TORONTO -- New York's offense has turned cold, and its first trip to Canada certainly didn't heat things up.
The Yankees lost their third straight game Thursday, after hitting a combined 1-for-16 with runners in scoring position over their two-game set in Toronto.
Phil Hughes did his best to keep New York in the game, but the bats couldn't muster much off Blue Jays starter Drew Hutchison in a 4-1 loss at Rogers Centre. It was the first time the club has been swept -- albeit in a two-game set -- since the opening series of the year.
"Offenses are going to go through that," Yankees manager Joe Girardi said about his team, which is 3-for-41 with runners in scoring position in its last five games. "Every offense is going to go through that. It's no fun when you're going through it, guys don't look like they are having fun. But they're doing their work, and it will change.
"The important thing is that they stay positive and don't get too focused on their struggles. They understand that, keep putting them on and eventually this is going to turn and we will get out of this. ... The game of baseball can be an extremely frustrating game."
Aside from a Robinson Cano double that scored Curtis Granderson with one out in the first -- to put New York ahead, 1-0 -- the Yankees did nothing against the 21-year-old Hutchison, whom they were seeing for the first time. Cano and Granderson were the only Yankees to collect more than one hit in the series.
The three straight losses match the worst skid of the season, and the Yanks have lost four of their past five overall. New York dropped to 1-14 in games in which it scores three runs or fewer.
Girardi called his club a home run-hitting team, but the Yankees failed to go deep once at Rogers Centre, while Toronto hit six in two games.
Hughes and Girardi both felt that the 25-year-old battled without his best stuff, but the right-hander managed to keep the score close and made some big pitches when he needed to, including to the player who capitalized on Hughes' biggest blemish.
After striking out Jose Bautista in the first on a 94-mph fastball, Hughes decided to attack the Blue Jays slugger differently the second time around, falling behind, 3-0, before battling back to make the count full.
Bautista then fouled off two straight four-seamers -- one which hooked foul but landed in the upper deck -- before Hughes threw him a 3-2 cutter that Bautista hit a mile high and just far enough to clear the fence in left and give Toronto a 2-1 lead. It was Bautista's 10th homer of the year and his fifth in his past seven games.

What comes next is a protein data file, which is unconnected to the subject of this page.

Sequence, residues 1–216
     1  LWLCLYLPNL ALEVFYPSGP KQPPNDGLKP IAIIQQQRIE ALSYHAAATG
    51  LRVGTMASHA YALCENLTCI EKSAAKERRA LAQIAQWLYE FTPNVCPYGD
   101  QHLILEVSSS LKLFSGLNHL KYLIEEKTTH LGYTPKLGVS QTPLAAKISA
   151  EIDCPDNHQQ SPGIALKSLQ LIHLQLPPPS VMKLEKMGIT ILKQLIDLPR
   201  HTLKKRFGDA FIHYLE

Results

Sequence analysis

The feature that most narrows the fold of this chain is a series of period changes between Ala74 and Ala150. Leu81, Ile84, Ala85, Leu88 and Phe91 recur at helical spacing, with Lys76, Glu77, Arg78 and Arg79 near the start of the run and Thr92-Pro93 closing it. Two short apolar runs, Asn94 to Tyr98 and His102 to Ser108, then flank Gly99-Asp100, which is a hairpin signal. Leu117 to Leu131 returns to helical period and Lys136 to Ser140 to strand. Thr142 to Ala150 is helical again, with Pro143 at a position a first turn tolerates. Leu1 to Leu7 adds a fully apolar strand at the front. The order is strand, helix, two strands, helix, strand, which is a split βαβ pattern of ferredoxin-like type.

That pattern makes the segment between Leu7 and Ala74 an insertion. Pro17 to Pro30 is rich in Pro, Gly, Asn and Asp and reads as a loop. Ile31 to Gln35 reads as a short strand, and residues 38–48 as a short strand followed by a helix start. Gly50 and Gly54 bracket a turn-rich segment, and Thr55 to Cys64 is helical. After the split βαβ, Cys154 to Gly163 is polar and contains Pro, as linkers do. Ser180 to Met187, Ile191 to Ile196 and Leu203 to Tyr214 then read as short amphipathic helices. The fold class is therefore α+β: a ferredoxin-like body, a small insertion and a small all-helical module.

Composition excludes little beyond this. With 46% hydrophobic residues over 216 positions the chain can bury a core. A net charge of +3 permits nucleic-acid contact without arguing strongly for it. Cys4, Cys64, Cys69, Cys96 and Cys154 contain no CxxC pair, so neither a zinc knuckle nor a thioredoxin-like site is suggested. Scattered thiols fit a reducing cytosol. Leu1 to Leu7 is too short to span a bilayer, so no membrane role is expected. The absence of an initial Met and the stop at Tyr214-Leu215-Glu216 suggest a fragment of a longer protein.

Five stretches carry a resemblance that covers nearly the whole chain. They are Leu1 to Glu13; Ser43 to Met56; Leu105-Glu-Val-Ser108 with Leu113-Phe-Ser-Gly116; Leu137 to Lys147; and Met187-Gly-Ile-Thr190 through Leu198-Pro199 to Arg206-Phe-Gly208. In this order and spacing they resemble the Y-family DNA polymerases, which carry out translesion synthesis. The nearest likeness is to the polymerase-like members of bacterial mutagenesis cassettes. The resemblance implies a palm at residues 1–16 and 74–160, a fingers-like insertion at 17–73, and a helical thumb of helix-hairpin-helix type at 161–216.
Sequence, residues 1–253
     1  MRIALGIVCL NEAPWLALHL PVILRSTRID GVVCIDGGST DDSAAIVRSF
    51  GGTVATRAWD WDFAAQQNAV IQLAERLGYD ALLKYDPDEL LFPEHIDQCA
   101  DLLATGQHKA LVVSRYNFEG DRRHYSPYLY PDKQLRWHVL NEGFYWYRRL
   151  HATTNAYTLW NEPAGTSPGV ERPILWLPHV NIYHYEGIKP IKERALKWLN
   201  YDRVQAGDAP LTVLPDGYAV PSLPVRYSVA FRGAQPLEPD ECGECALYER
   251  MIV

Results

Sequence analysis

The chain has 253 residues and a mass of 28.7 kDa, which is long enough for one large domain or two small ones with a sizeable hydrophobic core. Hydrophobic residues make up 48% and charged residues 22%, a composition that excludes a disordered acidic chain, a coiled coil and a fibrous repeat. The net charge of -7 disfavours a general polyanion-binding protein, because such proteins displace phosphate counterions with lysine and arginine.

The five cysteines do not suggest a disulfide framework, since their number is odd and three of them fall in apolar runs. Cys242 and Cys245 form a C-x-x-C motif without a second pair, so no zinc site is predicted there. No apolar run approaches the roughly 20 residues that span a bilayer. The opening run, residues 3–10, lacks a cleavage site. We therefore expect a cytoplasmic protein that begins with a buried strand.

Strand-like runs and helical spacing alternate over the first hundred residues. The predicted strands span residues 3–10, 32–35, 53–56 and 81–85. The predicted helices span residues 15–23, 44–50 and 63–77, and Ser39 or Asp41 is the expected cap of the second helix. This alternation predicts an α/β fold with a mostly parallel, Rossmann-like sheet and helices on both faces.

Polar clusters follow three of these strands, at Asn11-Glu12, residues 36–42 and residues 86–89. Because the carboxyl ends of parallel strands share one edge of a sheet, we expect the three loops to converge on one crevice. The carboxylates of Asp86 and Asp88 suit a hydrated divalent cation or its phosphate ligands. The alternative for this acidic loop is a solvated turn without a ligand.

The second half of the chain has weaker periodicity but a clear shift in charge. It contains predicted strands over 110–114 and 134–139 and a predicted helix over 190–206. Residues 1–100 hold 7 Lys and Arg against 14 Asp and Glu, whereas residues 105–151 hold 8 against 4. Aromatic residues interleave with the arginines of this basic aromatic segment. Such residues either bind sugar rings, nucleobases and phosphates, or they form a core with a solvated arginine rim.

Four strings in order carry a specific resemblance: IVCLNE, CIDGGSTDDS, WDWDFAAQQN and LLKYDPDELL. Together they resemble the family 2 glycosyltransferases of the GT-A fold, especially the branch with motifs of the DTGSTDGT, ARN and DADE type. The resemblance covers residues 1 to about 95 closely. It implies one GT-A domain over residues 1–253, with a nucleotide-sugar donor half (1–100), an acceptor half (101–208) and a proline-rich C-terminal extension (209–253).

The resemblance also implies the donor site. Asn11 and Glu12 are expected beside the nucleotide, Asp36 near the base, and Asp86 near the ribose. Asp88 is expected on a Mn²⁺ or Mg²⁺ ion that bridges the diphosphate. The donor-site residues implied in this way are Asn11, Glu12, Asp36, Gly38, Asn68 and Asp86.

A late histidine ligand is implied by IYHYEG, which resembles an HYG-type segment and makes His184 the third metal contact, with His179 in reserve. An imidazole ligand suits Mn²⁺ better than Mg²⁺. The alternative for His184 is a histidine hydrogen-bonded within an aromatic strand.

"I felt like he had seen a lot of fastballs and thought it was a good pitch to throw him, but it was kind of spinning over the plate, not down and away where I would have liked to have it," Hughes said.
Hughes, who fell to 3-5 with the loss, lasted into the sixth inning, before being relieved by Cory Wade, and struck out five while issuing seven hits and two walks. Girardi was hoping Hughes would use this game as a confidence booster, saying that he proved he can keep the score close against a tough-hitting ballclub when his best stuff is absent.
Wade served up the second homer of the night, which capped the Blue Jays' assault on Yankees pitchers over the mini series.
With one on and two out, Wade threw catcher J.P. Arencibia an 0-1 changeup that he deposited in the seats in left to provide the insurance for Hutchison and put Toronto ahead, 4-1.
"I was able to bear down and just make a pitch," said Hutchison, who lasted six innings and improved to 3-1 on the year. "There were a couple of situations where I was able to step back, calm myself down and make a pitch to get out of it."
Yankees shortstop Derek Jeter tipped his cap to Hutchison after the game and felt that too much was being made of the offense and his team's struggles.
"You will start driving yourself crazy if you start looking at the scoreboard in the middle of May," said Jeter, who went 1-for-4 and is batting a team-best .363. "I don't see anyone popping champagne in the middle of May, just like I don't see anyone hanging their heads in the middle of May. We need to play better, that's the bottom line. But it's way too early to look at the standings."
The loss dropped the Yankees to fourth place in the American League East, and they are 9-9 against their divisional rivals this season after playing each team at least once.
Chris Toman is an associate reporter for MLB.com. This story was not subject to the approval of Major League Baseball or its clubs.